Massive sections of Clayoquot Sound’s forest soon to be protected | Ha-Shilth-Sa Newspaper

Massive sections of Clayoquot Sound’s forest soon to be protected

Vancouver Island, BC

Large portions of forest in Clayoquot Sound will be protected this month, a development that the Tla-o-qui-aht First Nation is calling a “major step” in the provincial government recognizing its Tribal Parks.

Today the province announced 76,000 hectares of conservancies in Clayoquot Sound. When these protected areas come into effect on June 26, they will comprise almost 60 per cent of what is currently under a forestry tenure tied to TFL 54, the only tree farm licence in Clayoquot Sound.

The 10 new sections of protected land are within the traditional territories of the Tla-o-qui-aht and Ahousaht First Nations. These areas of Crown land contain old growth forest and habitat for endangered and threatened species.

“The survival of these precious forests will allow future generations to continue practicing our cultural ways, will stabilize the climate in this region, and will provide much needed habitat for a diversity of species,” stated the Tla-o-qui-aht First Nation in a press release.

The newly protected areas align with the Ahousaht and Tla-o-qui-aht’s land use visions, according to province. The establishment of the conservancies follow a period in which sections of Clayoquot Sound’s old growth forest have been temporarily protected under a deferral since 2020.

The tenure for TFL 54 is currently held by Ma-Mook Natural Resources, which is owned by a partnership of the Ahousaht, Tla-o-qui-aht, Hesquiaht, Toquaht and Yuułuʔiłʔatḥ First Nations. Payment for removing the Crown land from the tenure is being funded by Nature United, the Canadian affiliate of the world’s largest conservation organization.

The conservancies mean that commercial logging, mining and large-scale hydroelectric projects will be prohibited in the areas. Approximately 55,000 hectares of TFL 54 will remain for forestry purposes.

The tree farm licence is undergoing a reconfiguration “that supports predictable fibre flow through First Nation-held tenures in the future,” according to the province.

“These conservancies are welcomed as part of a broader vision for implementing Ahousaht title and rights, generating economic opportunity through a forest carbon project and community forestry, and securing social and cultural access to forest resources,” stated Ahousaht Hereditary Representative Tyson Atleo.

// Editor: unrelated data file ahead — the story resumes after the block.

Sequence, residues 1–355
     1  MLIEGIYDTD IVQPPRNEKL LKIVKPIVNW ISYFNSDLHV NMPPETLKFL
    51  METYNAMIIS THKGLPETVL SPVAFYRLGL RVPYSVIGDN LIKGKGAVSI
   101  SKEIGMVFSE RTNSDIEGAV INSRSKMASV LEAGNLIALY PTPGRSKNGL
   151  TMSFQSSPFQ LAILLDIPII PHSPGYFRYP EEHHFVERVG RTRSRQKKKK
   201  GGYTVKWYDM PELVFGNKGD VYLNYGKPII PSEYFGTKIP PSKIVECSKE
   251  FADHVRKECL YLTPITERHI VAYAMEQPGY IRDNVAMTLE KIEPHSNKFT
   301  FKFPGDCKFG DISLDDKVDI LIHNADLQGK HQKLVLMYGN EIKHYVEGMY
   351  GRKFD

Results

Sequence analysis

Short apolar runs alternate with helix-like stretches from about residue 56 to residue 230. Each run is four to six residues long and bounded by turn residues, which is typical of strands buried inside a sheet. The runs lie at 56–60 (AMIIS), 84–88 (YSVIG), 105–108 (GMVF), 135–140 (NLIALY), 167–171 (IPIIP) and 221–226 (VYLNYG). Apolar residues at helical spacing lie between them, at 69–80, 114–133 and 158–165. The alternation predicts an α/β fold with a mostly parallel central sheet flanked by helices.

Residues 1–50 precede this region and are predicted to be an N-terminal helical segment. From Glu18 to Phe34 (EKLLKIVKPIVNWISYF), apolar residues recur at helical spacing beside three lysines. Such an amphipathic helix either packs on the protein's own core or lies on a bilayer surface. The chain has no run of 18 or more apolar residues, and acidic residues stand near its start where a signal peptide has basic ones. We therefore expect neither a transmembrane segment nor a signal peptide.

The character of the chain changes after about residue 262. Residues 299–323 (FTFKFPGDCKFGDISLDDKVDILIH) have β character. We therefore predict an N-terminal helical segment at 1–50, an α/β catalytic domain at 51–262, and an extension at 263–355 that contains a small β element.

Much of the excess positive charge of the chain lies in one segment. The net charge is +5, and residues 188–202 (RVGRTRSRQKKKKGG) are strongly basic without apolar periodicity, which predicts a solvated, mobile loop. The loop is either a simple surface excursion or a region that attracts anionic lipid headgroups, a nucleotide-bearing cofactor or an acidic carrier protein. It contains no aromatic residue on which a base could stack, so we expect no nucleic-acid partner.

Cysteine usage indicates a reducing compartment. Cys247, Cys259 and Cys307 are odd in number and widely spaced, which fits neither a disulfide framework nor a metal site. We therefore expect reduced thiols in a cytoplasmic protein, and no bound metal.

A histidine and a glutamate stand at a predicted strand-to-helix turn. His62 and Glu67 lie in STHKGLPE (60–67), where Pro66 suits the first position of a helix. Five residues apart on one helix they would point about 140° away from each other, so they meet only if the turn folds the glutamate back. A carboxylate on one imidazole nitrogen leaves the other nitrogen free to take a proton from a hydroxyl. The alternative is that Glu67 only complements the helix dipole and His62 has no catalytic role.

The Tla-o-qui-aht First Nation stated that the new protected areas are a “crucial part of our vision to remove competing tenures from our title lands and restore our customary stewardship traditions in a modern context.”

“The establishment of conservancies will ensure that clear-cut logging has no place in these important old-growth forests,” stated Tla-o-qui-aht Chief Councillor Elmer Frank in a release from the province. “This protection by British Columbia brings B.C. laws into better alignment with Tla-o-qui-aht laws.”

A vital part of the First Nation’s stewardship are its Tribal Parks, which began in 1984 with the protection of old growth on wanačas hiłhuuʔis (Meares Island) from being logged by MacMillan Bloedel. In 1985 a court injunction was put in place to protect the island from this activity, an order that remains in place today. Other parts of the First Nation’s territory were declared Tribal Parks in 2014.

“The same title exists on the hiisawista (Esowista) peninsula, ʔaʔukmin (Kennedy Lake watershed), and ḥiłsyakƛis ʔunaacuł (Tranquil River watershed), and the islands of Tla-o-qui-aht haḥuułi (traditional territory),” stated the Tla-o-qui-aht.

Although more of Clayoquot Sound will be protected from being harvested, Minister of Forests Bruce Ralston said the conservancies will bring more clarity for forestry, while giving “our industry partners confidence in the future of forestry.”

“Conserving nature and creating sustainable jobs are important objectives that we can achieve to secure a stronger future for everyone,” he added.

In recent years the volume of lumber being harvested in B.C. has declined dramatically – particularly old growth. Since 2021 the province’s overall harvest has declined from 45 million cubic metres to 32.4 million last year. From 2015 to 2022 the area of old growth forest harvested has dropped by 52 per cent, declining from 66,526 hectares to approximately 33,000.

Meanwhile 2.42 million hectares have been either deferred from harvest or permanently protected since November 2021, adding to the 3.8 million hectares that were already conserved.

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